On April 22, 2019, Plaintiffs filed a motion to remand the case back to state court, claiming that MidCap's removal was improper because it failed to obtain the consent of Mary Theresa Khawly, a defendant guarantor, and failed to sufficiently allege diversity jurisdiction. Dkt. No. 36. In a decision and order dated July 8, 2019, the court denied Plaintiffs' motion, concluding that Plaintiffs failed to properly serve Khawly with an amended summons and complaint under Wisconsin law and that MidCap sufficiently alleged diversity jurisdiction. Dkt. No. 69. Presently before the court is Plaintiffs' motion to reconsider its order denying their motion to remand or, in the alternative, to certify an interlocutory appeal. Dkt. No. 72. The court heard oral argument on the motion on August 21, 2019. For the reasons below, Plaintiffs' motion will be granted and this case will be remanded back to Outagamie County Circuit Court.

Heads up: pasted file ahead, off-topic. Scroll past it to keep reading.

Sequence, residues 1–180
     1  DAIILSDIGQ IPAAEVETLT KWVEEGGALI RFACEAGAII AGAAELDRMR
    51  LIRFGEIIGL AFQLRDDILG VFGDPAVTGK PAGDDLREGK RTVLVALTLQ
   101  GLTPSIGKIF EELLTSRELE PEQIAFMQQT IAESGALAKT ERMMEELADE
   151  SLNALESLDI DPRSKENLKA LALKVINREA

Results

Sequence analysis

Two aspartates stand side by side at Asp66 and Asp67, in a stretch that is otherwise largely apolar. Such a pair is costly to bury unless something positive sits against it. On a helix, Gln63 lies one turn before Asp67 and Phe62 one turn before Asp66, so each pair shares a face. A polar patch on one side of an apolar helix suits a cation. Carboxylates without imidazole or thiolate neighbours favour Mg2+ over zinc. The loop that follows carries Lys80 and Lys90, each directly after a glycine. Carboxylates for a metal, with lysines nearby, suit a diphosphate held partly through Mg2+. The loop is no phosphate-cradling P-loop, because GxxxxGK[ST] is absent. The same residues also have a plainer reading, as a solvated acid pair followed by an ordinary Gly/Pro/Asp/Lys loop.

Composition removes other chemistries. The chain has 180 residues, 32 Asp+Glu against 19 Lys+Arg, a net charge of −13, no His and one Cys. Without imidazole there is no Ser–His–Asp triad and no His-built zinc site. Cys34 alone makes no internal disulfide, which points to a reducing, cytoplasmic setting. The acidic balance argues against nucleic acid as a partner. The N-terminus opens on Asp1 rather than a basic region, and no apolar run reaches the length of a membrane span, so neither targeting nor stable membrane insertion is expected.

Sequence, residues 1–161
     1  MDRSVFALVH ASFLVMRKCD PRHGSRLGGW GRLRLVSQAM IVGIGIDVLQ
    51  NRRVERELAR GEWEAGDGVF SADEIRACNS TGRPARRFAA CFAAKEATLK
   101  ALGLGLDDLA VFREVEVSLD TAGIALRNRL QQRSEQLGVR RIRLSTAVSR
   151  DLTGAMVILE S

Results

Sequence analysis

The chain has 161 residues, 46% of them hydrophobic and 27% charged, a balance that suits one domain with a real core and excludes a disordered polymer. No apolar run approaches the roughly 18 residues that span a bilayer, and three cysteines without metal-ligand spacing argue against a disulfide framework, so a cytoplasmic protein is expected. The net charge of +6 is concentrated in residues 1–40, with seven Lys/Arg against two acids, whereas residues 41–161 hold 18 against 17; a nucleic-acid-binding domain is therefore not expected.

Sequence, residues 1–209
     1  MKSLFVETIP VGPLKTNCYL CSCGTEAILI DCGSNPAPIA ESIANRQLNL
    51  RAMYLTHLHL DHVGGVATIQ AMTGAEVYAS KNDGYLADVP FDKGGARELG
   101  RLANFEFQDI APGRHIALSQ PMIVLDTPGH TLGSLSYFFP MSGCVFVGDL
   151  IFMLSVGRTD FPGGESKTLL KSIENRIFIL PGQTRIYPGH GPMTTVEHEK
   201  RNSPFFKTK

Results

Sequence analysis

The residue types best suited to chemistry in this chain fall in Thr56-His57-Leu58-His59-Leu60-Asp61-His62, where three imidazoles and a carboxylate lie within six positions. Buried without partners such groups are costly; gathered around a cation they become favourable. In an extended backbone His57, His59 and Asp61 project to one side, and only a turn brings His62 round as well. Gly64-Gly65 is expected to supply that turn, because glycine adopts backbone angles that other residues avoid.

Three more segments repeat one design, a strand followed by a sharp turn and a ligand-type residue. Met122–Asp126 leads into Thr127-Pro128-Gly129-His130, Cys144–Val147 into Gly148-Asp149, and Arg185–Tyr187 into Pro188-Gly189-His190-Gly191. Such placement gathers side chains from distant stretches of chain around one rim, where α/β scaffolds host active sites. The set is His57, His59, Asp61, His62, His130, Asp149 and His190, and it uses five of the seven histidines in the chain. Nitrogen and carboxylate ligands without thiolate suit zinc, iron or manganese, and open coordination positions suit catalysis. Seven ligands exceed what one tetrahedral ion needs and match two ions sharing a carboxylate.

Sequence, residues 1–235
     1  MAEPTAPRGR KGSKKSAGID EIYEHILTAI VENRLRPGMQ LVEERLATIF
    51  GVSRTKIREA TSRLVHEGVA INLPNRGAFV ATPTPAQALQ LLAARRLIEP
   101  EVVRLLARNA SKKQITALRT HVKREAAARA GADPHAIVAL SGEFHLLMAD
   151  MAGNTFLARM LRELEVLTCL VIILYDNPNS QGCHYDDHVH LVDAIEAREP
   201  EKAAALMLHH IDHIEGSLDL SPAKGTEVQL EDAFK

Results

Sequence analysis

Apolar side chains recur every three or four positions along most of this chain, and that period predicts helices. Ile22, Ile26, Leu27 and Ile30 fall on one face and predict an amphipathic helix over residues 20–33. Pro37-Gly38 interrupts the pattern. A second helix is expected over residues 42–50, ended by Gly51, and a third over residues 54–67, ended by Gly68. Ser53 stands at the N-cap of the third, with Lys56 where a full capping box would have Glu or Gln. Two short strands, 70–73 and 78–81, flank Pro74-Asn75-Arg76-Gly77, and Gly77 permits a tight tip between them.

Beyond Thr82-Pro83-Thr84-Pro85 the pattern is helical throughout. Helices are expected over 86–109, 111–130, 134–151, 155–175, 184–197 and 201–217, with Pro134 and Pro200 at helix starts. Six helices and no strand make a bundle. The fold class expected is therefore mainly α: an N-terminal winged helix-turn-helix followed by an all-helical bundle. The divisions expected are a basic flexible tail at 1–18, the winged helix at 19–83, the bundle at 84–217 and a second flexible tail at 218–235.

LEGAL STANDARDS

         A. Motion for Reconsideration

         Plaintiffs have moved for reconsideration of this court's order denying their motion to remand pursuant to Federal Rules of Civil Procedure 59(e) and 60(b). Dkt. No. 72. Rule 59(e) permits a party to file a motion to alter or amend a judgment within 28 days after entry of judgment. Fed.R.Civ.P. 59(e). Rule 60(b) allows a court to relieve a party from a “final” judgment, order, or proceeding. Fed.R.Civ.P. 60(b). No. judgment has been entered in this case, nor is this court's decision denying Plaintiffs' motion to remand “final.” See Santamarina v. Sears, Roebuck & Co., 466 F.3d 570, 571-72 (7th Cir. 2006) (“But [Rule 60(b)], by its terms limited to ‘final' judgments or orders, is inapplicable to interlocutory orders.” (citations omitted)); Rohrer, Hibler & Replogle, Inc. v. Perkins, 728 F.2d 860, 861 (7th Cir. 1984) (“An order denying a motion to remand a case to state court cannot, by any stretch of the imagination, be considered ‘final' within the meaning of [28 U.S.C.] § 1291.” (citations omitted)). Rules 59(e) and 60(b) therefore appear inapplicable.